• Sex Discrimination, Hostile Work Environment and Retaliation. Melinda Massarone v. Lexington-Fayette Urban County Government, Fayette Circuit Court. Melinda Massarone was the first woman to rise to the rank of Captain in the Lexington police department. She claimed that she was subjected to sex discrimination in her employment and her lawsuit claimed sex discrimination, retaliation and aiding and abetting discrimination. Read the amended complaint.  The case generated substantial news coverage, "Suit Claims Sex Discrimination By Lexington Chief," "Walsh Is Target of Sex Bias Suit," "Sexual Assault Claims Included, Judge Rules In Suit of Ex-Police Chief Race Bias Claim Allowed," "Sex Claim OK'd for Walsh Trial" and was settled for $150,000, "Lawsuit Naming Walsh Settled."
     
  • Disability Insurance Benefits. Lyman Powell v. Hartford Life Insurance Company, U.S. District Court, Bowling Green. Mr. Powell brought suit seeking reinstatement of his disability insurance benefits by the Hartford. Although this type of case, which was brought under a federal law popularly known as "ERISA," is typically decided based solely on a review of the claims file without any discovery or presentation of further information, it was notable for the success in obtaining an order allowing investigation of the relationship between the Hartford and a third-party medical consulting group, the University Disability Consortium; read the Court's Opinion and Order.
     
  • Age Discrimination. James Wells v. Columbia Gas of Kentucky, Fayette Circuit Court. Mr. Wells worked for Columbia Gas of Kentucky for nearly 40 years and was nearing retirement when he was fired for some trumped-up reason that, in the jury's view, had no credibility. He filed suit claiming age discrimination, the jury found in his favor and awarded him on the verdict form awarded him $165,377 in damages including $50,000 in punitive damages. Read the Jury Verdict form.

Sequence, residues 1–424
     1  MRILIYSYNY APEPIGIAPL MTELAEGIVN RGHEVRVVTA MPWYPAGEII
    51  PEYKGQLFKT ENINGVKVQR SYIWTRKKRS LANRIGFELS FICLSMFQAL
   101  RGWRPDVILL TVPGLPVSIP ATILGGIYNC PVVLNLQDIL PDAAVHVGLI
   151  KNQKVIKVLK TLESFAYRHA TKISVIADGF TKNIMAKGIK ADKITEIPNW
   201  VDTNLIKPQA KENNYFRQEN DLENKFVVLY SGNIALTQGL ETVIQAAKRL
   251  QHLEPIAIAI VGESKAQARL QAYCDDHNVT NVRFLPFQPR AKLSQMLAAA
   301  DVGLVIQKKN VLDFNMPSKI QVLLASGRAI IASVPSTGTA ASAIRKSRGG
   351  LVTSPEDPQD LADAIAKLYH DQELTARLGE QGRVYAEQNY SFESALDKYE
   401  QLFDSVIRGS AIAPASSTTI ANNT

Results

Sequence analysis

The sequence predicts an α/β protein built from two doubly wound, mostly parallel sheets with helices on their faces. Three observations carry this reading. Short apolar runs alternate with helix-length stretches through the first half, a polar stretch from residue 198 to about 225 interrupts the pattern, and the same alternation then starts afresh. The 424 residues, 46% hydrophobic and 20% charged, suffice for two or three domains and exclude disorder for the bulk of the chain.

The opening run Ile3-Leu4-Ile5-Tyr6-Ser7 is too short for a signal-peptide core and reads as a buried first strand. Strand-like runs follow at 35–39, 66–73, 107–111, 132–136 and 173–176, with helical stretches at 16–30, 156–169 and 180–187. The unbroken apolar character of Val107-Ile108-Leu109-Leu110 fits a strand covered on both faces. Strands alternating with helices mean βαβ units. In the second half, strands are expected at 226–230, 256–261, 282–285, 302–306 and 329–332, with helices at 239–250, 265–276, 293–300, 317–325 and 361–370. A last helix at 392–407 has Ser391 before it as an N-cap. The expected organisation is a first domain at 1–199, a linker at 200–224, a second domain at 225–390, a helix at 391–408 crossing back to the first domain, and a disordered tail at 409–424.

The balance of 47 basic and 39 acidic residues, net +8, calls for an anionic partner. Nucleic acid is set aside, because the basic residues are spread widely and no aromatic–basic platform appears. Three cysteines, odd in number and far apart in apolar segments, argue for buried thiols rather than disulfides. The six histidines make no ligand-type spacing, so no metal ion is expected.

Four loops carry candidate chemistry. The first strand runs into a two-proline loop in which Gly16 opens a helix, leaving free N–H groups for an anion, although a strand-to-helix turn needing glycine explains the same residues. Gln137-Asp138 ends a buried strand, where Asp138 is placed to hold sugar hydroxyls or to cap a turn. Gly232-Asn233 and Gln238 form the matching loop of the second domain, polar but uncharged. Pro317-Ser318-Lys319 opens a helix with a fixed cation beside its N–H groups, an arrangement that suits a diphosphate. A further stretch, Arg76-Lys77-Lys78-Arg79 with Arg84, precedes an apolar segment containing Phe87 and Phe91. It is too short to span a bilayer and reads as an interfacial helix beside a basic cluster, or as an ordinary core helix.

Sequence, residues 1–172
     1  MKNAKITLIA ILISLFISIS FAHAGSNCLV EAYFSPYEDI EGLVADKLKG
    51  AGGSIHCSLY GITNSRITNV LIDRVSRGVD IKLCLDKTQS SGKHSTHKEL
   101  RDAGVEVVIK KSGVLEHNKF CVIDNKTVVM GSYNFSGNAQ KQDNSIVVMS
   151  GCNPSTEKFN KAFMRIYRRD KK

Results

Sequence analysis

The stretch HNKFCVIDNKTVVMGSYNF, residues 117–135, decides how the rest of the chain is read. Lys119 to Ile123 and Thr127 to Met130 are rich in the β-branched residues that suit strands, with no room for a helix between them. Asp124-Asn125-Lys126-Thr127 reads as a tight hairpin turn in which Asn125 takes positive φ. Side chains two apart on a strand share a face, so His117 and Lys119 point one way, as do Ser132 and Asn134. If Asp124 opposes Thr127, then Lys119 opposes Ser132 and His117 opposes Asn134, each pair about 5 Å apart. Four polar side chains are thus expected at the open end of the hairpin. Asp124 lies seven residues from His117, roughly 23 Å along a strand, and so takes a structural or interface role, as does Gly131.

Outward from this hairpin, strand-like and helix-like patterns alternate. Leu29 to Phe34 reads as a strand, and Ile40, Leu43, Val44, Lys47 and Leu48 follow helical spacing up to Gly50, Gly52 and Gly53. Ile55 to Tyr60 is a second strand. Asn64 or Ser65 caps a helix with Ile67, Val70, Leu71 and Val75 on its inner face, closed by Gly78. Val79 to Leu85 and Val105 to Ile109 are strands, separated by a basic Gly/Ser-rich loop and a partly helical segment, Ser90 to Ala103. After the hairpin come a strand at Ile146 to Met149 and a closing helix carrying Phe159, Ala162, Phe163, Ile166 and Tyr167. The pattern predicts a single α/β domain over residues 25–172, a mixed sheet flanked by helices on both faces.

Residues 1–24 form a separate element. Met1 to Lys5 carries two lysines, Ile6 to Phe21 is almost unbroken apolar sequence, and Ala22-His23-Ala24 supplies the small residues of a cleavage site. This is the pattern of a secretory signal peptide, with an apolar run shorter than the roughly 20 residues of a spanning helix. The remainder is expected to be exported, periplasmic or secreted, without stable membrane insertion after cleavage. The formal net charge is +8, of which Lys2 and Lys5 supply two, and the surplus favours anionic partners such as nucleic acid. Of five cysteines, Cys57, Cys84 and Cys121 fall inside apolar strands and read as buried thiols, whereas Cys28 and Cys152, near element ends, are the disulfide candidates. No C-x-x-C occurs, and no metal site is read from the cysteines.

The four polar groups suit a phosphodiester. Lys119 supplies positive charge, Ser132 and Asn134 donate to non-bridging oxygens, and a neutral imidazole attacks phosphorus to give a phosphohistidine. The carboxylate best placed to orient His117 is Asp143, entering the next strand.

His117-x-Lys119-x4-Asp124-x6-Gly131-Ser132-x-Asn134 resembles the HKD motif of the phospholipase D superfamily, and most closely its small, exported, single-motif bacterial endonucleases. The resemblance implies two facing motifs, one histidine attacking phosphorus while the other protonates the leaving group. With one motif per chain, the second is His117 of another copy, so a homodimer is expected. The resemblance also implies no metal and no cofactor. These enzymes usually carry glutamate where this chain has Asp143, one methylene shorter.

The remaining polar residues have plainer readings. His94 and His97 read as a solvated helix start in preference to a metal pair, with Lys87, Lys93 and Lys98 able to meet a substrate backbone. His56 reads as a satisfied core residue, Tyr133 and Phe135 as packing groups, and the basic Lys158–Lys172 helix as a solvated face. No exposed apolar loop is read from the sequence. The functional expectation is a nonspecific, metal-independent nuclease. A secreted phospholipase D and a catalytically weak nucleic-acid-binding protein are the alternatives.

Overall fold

• Disability Discrimination – ADA – Failure to AccommodateSnipes v. Kroger Company, U.S. District Court, Ashland, Ky. Christine Snipes was badly injured in a car accident but continued to work despite her multiple disabilities. Her employer ultimately refused to accommodate her disability resulting in further injury to her as described in this complaint.
     
  • Disability Discrimination - ADA -- Charles Cowing v. Lockheed Martin Corp., U.S. District Court, Lexington; Fayette Circuit Court; Kentucky Court of Appeals and Kentucky Supreme Court. Mr. Cowing, as a result of service in our Nation's armed forces, suffered from back injuries and related disabilities. After a flare-up and after his doctor prepared a list of physical restrictions, he was prevented from returning to work as an aircraft mechanic. This was a hard, difficult case. You can get an idea of just how hard by reading this amended complaint filed in Fayette Circuit Court, this Brief and Reply Brief filed in the Kentucky Court of Appeals, this Motion for Discretionary Review filed in the Kentucky Supreme Court, this memorandum filed in U.S. District Court and this opinion by the U.S. District Court.